The implications of the observed green premium are clear. Analysing and valuing the carbon impact of buildings will be fundamental to both real estate investment and asset management strategies.

Portfolios could face growing obsolescence risk

Failing to recognise and act on this could mean portfolios face growing obsolescence risk.

For active asset managers, incorporating the carbon impact should be considered at every stage of the investment process:

  • At the investment and divestment stage, underwriters should:
    • Consider current energy performance, aligning future investments to align to a net-zero pathway, and divest from assets most at risk.
    • Assess long-term physical climate risk (e.g. storms or flooding).
  • Asset and development managers should:
    • Consider environmental impacts in their asset and business planning, notably how much embodied carbon9 already exists within a building, but also the cost and timing of the required capex to align the assets to net zero.
  • Building valuations should:
    • Wherever possible, explicitly incorporate this dimension when valuing a building.

The cost of transition to net zero will also vary by sector and location. Rental and investment values are likely to be more resilient in some sectors, like industrial properties.10

In addition, countries where the power sector is quicker to decarbonise will see the benefit of cleaner energy flow through buildings. Different building regulations may also influence the quality of the original buildings and the pace of future decarbonisation required. Understanding this dynamic is critical when allocating to multi-sector real asset portfolios.

Opportunities for lenders

Real estate lenders, while less directly exposed, should also be mindful of the carbon footprint of the assets they lend to. As most commercial mortgage loans bear refinancing risk at maturity, reducing obsolescence risk is critical for the asset class.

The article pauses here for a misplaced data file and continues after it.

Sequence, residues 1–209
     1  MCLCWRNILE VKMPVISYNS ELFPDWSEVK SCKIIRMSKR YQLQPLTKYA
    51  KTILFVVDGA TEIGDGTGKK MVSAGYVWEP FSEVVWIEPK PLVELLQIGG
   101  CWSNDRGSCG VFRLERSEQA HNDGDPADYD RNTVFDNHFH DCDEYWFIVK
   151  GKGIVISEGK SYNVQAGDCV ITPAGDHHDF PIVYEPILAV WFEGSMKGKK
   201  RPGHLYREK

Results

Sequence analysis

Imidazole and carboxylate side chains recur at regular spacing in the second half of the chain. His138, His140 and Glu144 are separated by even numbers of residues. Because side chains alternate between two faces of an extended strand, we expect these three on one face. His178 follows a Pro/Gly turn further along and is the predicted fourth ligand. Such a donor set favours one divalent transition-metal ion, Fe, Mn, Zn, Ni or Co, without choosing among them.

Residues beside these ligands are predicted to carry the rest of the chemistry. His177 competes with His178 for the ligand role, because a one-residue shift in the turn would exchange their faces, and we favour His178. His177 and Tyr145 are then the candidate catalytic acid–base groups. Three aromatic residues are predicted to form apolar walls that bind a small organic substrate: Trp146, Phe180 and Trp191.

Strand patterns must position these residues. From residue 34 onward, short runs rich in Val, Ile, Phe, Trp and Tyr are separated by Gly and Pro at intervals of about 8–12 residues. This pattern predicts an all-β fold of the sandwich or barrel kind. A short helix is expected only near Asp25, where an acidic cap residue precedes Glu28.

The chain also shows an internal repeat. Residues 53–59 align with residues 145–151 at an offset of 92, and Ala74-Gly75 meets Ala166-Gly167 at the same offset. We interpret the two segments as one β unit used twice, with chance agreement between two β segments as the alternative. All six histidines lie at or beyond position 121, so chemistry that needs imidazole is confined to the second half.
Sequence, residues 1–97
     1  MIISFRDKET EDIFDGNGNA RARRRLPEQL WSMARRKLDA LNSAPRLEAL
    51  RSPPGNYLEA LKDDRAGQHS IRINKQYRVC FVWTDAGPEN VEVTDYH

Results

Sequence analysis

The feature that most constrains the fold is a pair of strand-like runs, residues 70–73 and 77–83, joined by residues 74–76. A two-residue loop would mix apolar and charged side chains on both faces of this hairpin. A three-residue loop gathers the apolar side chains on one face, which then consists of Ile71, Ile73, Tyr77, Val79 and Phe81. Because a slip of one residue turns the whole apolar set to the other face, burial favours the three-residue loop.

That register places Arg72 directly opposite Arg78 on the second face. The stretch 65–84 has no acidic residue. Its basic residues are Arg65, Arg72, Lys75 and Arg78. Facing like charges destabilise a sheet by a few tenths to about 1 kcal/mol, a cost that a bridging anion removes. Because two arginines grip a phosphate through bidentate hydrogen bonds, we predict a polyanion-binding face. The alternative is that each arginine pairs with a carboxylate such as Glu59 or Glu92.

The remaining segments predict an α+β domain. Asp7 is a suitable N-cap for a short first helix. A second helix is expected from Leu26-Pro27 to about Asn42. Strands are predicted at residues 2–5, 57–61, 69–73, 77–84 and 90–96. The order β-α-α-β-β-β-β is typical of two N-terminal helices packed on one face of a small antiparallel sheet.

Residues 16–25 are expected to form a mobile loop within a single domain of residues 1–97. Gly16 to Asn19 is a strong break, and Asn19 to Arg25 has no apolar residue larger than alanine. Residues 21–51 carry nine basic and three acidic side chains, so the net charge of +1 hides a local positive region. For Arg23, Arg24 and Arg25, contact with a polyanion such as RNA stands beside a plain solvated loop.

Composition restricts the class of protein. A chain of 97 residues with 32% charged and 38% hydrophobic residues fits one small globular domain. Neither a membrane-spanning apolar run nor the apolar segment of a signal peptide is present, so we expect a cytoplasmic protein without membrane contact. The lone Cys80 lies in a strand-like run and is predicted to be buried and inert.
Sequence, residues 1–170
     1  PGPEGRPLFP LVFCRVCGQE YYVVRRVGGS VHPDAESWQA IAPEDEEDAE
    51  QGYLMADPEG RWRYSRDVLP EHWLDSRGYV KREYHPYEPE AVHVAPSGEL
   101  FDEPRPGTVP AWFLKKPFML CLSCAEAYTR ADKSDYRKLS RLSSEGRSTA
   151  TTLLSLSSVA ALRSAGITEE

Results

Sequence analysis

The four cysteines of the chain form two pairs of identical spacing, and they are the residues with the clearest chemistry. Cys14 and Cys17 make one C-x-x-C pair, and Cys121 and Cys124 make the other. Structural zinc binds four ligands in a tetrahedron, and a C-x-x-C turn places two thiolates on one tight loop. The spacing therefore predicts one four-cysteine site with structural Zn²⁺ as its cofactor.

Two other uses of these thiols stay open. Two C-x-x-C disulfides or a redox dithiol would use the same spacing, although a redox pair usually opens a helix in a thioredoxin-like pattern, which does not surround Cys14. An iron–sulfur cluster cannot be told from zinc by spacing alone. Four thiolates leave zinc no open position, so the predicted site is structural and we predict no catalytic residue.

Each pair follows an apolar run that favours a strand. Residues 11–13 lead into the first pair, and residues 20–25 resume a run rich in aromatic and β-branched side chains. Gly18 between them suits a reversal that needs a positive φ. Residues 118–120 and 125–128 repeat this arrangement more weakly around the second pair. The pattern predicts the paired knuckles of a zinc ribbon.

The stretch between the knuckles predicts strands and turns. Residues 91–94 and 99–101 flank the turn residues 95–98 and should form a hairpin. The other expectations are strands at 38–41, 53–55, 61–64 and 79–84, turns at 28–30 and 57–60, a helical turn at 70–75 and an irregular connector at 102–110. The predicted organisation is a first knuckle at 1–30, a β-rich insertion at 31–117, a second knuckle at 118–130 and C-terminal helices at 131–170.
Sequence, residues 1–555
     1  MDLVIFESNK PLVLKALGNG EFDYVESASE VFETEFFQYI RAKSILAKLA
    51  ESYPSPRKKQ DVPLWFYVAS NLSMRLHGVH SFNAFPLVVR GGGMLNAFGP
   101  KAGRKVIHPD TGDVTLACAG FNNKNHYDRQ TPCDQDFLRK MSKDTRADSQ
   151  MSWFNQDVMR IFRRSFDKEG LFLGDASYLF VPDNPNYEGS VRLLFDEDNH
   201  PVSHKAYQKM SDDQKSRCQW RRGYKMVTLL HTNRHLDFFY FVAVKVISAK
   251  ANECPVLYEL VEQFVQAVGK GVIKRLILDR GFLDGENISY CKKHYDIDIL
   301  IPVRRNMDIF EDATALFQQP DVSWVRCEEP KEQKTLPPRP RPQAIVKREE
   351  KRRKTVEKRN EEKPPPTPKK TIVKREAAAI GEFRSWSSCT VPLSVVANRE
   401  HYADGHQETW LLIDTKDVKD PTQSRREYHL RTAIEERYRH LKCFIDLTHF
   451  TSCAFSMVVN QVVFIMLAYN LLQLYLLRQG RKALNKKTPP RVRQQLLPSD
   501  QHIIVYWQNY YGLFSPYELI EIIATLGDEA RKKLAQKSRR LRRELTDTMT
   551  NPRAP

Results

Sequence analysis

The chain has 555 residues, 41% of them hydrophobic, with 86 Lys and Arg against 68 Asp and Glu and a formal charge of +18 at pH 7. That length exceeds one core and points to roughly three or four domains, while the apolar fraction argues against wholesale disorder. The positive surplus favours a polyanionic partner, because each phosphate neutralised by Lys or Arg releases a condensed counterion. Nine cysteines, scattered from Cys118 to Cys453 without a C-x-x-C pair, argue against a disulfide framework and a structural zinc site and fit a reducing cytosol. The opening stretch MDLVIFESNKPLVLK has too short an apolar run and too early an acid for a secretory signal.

On the positive side, sustainable lending also offers the opportunity for lenders to generate positive environmental impact.11 Sustainable loans can include covenants that incentivise the borrower (for example via a margin reduction) to improve their environmental impact. To qualify as a sustainability-linked loan, such improvements should be ambitious and go beyond business as usual”improvements a professional asset manager would undertake anyway. Furthermore, to qualify as impact investing, a loan must demonstrate additional contribution to the asset’s improvement of ESG factors and set targets that are ambitious and material.

The objective of these loans is to deliver impact and future-proof assets to ESG obsolescence and transition risks. Forward-looking sustainability performance of the collateral will therefore be an increasingly important feature in this analysis. Key ESG performance indicators in the loans need to be appropriately aligned to best-practice industry standards (e.g. science-based targets initiatives for net-zero targets), while ESG targets should be assessed by external providers to ensure alignment towards the Loan Market Association's (LMA) sustainability loan principles.

Sustainable loans can be attractive for borrowers

Sustainable loans can be attractive for borrowers, both from a franchise standpoint, and because the costs of the improvements they have to make (for example, installing solar panels) can be offset by operational and financial cost savings.

Lenders have also been attracted to sustainable lending, but some investors query the justification for lower margins.

For lenders, sustainable lending not only creates impact, it also reduces the obsolescence risk of their security, and improves the loan-to-value (LTV) ratio once the retrofit is implemented. LTVs are one of the key risk measures used by real estate lenders, and lower LTV loans typically command a lower margin.